In a quest to turn two laggards into one winner, CompUSA will buy consumer electronics retailer Good Guys
Slim amassed an empire by turning around struggling businesses -- buying assets for peanuts, putting in top-notch management, and squeezing out profits. His holdings span tobacco to copper mines to printing operations and include a big slug of equity in the Mexican phone company, Telmex.
In 2000, it looked like Slim's Midas touch was intact when he purchased struggling computer and electronics retailer CompUSA for a song: $889 million.
Or was it? Even billionaires stumble (and those tend to be big ones). Retail has undergone a revolution driven by such giants as Wal-Mart
For CompUSA and Slim, that means going on a shopping spree. In June, Slim disclosed that he owned 9.2% of Circuit City
Like any good turnaround expert, Slim held his ground on valuation (although the offer is still on the table). Then, last Monday, he announced a $2.05 per share offer for Good Guys. In all, the $55 million deal represents a 37% premium to Friday's close of $1.50.
The deal, which should be final in a few months, adds 71 stores and $750 million in revenues -- not nearly enough to get to 700 or 800 stores. More importantly, Good Guys on Monday reported a second-quarter net loss of $6.9 million on declining margins (26.8% from 28.6% the same period a year ago). Comparable-store sales likewise decreased 13% for the period. Good Guys has generated a profit in only one of the last eight years.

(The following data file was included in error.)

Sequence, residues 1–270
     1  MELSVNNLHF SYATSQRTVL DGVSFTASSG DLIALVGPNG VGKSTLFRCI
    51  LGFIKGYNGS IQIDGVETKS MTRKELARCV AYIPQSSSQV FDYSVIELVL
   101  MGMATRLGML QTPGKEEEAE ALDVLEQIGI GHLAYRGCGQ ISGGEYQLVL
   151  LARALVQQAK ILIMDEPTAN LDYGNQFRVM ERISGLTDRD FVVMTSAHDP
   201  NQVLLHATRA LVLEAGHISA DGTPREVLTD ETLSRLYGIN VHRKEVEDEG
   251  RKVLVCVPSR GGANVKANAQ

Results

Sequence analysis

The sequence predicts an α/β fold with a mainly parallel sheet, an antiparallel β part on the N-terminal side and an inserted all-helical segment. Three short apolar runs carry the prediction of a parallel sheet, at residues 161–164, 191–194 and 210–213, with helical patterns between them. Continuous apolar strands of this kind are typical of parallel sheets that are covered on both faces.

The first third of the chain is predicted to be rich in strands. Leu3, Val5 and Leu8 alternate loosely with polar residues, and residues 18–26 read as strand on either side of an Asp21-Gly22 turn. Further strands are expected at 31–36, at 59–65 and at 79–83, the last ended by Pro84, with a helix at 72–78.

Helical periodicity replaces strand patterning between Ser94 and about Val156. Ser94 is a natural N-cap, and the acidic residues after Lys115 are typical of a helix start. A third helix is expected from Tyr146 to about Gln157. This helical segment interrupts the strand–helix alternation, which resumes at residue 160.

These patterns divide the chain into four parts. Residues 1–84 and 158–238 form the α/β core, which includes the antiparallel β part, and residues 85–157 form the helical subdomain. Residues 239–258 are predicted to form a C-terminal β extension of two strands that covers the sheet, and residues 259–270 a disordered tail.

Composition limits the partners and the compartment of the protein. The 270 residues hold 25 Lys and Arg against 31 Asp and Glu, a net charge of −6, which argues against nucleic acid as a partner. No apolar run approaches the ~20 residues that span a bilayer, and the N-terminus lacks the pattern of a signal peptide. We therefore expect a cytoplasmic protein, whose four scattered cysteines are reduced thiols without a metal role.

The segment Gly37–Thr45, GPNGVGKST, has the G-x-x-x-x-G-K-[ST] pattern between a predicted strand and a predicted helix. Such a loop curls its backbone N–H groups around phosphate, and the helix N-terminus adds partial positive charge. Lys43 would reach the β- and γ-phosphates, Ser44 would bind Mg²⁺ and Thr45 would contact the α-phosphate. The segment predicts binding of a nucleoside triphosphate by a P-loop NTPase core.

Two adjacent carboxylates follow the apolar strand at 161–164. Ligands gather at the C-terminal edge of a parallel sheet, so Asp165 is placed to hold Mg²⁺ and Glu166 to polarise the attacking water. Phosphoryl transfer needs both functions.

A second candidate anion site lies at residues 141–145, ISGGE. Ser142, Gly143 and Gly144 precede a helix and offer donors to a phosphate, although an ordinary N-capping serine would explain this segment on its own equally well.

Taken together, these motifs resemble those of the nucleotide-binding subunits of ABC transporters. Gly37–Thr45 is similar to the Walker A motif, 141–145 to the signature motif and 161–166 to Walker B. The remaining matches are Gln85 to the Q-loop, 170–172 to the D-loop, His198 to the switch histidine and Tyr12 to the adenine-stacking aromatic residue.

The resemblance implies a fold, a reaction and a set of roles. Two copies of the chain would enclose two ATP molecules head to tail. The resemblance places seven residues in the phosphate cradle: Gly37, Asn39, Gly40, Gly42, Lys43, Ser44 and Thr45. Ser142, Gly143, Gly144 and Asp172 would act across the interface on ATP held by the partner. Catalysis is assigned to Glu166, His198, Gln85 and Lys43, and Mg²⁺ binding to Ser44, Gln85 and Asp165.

Let's face it, even the most savvy turnaround artist would have sleepless nights with this acquisition. What's the rationale? It's the same for many ill-fated acquisitions. Comments from the company include: "convergence strategy of computers and entertainment," the offering of "seamless technology solutions," and oh, yes, "long-term growth plan."
Blah, blah, blah. What Slim really needs is scale, and that means buying such big players as Circuit City or Best Buy. But he's a value investor and probably won't be thrilled paying too high a price. So, instead, he's employing the Hewlett-Packard
Does Slim really buy the notion that combining two laggards somehow gets you one strong company? Good Guys, bad idea.
Tom Taulli is the author of six books on investing, such as the StreetSmart Guide to Short Selling (McGraw-Hill), and is a professor of finance at the USC School of Business (don't worry, he does come out of his ivory tower). You can reach him firstname.lastname@example.org.